• Are You Using Gnome Desktop? Then Try T4G-V2 Theme And You Will Love It

    Gnome desktop is being accepted again by Ubuntu community after the announcement of Unity-8 is going to be buried. I am not going to talk about this new again since we already did and this post is about theme. T4G-V2 theme is created by a guy from gnome-look named "paulxfce", this theme is heavily modified version of popular Arc theme but with transparency items. This theme is specifically targeting Gnome desktop and do not expect it to work on other desktops, if you are using Gnome 3.20 and up versions then you are lucky to have it on your desktop. It offers bigger header-bars, window-frameless, transparent elements (all gnome-3 window backgrounds have transparency), graphical elements redone (new option/check-buttons; switch-buttons), added shadows beneath the header-bars.

Canonical Works on Fixing GNOME Shell for Ambiance to Look Good on Ubuntu 17.10

Filed under
GNOME

Canonical won't drop support for their Ambiance theme for the upcoming Ubuntu 17.10 (Artful Aardvark), so they announced today that they're currently working on making it look just right with the GNOME desktop environment.

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GNOME and GTK News

Filed under
GNOME
  • gnome-boxes: Introducing shared folders

    Being able to share a directory between the host machine and a guest machine is, needless to say, a very convenient way of accessing files from one another. Thanks to the SPICE developers, an API is available which is capable of doing just that. (the only conditions are that the guest machine must have a SPICE display and the spice-webdavd service installed). Considering this, the decision of further implementing shared folders in gnome-boxes is certainly not one to think about twice.

  • #newinstretch : Latest WebKitGTK+

    Debian 9 “Stretch”, the latest stable version of the venerable Linux distribution, will be released in a few days. I pushed a last-minute change to get the latest security and feature update of WebKitGTK+ (packaged as webkit2gtk 2.16.3) in before release.

  • Debian Stretch ships latest WebKitGTK+

    I’ll keep this update short. Debian has decided to ship the latest version of WebKitGTK+, 2.16.3, in its upcoming Stretch release. Since Debian was the last major distribution holding out on providing WebKit security updates, this is a big deal. Huge thanks to Jeremy Bicha for making this possible.

  • Gtef library renamed to Tepl – Text editor product line

Leftovers: Software

Filed under
Software
GNOME
  • Using the latest syslog-ng on Turris Omnia

    The release candidate of version 3.7 of Turris OS – the OpenWRT-based operating system of Turris Omnia routers – is now available. Among many other changes, this updates syslog-ng from version 3.0 to 3.9, so it adds about seven years’ worth of new syslog-ng features, including new parsers, filters, formatting options, destinations, and performance enhancements.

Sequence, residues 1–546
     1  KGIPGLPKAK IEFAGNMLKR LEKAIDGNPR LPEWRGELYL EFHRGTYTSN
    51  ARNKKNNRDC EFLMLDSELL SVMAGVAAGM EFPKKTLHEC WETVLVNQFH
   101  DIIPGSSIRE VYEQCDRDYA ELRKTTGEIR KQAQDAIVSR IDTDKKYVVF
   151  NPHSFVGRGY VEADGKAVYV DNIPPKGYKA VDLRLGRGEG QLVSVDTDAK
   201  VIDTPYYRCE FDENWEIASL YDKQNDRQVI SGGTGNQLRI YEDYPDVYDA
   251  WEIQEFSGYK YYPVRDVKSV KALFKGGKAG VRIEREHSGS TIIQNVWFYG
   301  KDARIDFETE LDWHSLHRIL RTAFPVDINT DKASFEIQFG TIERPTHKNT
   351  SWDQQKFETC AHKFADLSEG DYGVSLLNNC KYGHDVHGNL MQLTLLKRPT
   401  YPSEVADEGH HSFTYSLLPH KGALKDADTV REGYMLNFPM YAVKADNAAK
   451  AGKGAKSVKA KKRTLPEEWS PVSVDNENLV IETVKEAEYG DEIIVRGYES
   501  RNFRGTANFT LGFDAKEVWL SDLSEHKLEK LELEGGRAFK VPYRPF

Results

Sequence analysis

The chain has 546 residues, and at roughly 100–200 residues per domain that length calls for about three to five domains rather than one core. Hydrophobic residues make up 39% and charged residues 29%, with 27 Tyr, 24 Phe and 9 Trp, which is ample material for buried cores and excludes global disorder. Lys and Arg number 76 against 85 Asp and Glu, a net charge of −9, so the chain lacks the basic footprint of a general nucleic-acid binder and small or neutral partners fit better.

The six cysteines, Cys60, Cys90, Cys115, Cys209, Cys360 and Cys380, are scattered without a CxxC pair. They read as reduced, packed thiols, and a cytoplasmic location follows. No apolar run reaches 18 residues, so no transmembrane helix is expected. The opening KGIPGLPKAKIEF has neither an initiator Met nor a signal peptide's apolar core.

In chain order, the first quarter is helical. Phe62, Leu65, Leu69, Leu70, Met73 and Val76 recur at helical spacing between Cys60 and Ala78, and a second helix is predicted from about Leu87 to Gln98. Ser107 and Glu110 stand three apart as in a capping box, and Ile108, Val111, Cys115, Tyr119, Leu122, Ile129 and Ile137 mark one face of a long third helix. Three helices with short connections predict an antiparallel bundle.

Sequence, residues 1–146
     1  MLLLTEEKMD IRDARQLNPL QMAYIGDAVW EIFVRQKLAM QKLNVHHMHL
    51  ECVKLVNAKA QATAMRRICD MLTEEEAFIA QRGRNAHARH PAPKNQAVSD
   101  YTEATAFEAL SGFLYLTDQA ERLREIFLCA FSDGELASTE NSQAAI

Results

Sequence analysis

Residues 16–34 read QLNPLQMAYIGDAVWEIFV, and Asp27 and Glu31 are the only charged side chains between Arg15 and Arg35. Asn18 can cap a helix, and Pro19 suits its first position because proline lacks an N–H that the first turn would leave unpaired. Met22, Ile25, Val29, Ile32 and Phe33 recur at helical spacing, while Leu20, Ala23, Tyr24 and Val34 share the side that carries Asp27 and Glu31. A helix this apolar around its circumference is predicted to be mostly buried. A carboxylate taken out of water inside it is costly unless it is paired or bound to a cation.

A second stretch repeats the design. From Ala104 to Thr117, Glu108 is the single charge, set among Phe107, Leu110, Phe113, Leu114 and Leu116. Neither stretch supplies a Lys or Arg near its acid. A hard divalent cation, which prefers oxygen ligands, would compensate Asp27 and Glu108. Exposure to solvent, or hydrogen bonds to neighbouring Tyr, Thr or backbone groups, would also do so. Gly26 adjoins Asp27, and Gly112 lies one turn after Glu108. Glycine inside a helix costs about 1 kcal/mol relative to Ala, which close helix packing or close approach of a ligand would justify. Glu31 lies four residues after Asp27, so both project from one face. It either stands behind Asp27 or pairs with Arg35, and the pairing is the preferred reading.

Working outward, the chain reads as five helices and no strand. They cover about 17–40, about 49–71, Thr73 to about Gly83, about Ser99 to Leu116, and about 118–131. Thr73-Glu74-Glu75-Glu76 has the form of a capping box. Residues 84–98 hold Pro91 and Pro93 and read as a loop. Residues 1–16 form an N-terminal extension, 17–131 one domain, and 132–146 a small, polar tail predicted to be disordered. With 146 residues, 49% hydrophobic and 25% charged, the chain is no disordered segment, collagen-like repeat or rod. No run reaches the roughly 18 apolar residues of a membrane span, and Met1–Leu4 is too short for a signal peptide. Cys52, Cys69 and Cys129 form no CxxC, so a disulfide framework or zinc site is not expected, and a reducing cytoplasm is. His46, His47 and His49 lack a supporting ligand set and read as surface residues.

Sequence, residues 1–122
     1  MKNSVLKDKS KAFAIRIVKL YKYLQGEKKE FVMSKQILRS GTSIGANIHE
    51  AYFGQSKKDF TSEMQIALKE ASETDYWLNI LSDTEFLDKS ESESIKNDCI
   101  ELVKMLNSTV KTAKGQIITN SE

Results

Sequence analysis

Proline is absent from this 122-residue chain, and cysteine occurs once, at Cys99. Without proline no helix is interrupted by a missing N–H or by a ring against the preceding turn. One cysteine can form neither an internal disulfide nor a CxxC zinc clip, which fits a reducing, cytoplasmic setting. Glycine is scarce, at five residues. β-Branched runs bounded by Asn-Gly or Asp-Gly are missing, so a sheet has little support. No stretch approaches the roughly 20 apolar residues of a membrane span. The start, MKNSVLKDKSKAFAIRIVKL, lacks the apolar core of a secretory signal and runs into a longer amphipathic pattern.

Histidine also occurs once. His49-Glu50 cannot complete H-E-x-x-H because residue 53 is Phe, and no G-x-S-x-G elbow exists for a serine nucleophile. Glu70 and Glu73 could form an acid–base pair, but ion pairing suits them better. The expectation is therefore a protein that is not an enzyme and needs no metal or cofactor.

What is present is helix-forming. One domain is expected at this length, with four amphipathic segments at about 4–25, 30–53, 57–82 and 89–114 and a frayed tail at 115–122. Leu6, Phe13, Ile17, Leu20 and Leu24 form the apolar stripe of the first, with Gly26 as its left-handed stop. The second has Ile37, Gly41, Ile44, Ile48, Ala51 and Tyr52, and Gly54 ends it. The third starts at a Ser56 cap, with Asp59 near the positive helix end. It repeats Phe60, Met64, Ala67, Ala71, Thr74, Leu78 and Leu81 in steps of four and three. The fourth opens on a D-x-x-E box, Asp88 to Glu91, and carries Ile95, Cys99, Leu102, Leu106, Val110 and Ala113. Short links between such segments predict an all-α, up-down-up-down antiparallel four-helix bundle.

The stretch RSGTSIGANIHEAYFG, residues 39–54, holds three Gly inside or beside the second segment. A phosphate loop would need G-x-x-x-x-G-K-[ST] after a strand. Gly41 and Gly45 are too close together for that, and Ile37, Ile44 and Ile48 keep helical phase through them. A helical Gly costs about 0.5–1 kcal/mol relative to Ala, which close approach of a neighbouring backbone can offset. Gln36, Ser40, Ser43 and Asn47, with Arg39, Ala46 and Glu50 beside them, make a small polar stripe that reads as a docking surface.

• Ayatana Indicators

    In the near future various upstream projects related to the Ubuntu desktop experience as we have known it so far may become only sporadically maintained or even fully unmaintained. Ubuntu will switch to the Gnome desktop environment with 18.04 LTS as its default desktop, maybe even earlier. The Application Indicators [1] brought into being by Canonical Ltd. will not be needed in Gnome (AFAIK) any more. We can expect the Application Indicator related projects become unmaintained upstream. (In fact I have recently been offered continuation of upstream maintenance of libdbusmenu).

  • Komorebi – A Beautiful Wallpapers Manager with Parallax Effect for Linux

    You might not be tired of seeing still wallpapers on your desktop just yet but maybe it’s time to move on to backgrounds with cooler features anyway – parallax wallpapers.

  • Restoring tabs

    In order to be able to restore a tab in Nautilus, we have to keep a list with the minimum of information to recover the tab. This means that we’ll store the history, the view before search, in case the closed tab is a search, so that we know what was the view type before searching and last but not least, the location which was closed. Storing the location also means that the window will now keep a reference of the closed locations.

  • An Observation in UI Design

    Reading the GNOME Human Interface Guidelines gives a good idea on how to arrange elements and reduce complexity. The HIGs also emphasize on having a clear goal which helps in deciding which elements need to be arranged at all. But I did not grasp the wideness of being purpose-driven for this goal of the application which might then mean to abstract from technical details on the way. So now I try to explain this observation here.

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More in Tux Machines

GNOME 3.25.3 Released, GTK Development

  • GNOME 3.25.3 Now Available
    GNOME 3.25.3 is now available as the latest stepping stone towards September's release of GNOME 3.26.
  • GNOME 3.26 Desktop Environment Development Continues, New Milestone Is Out Now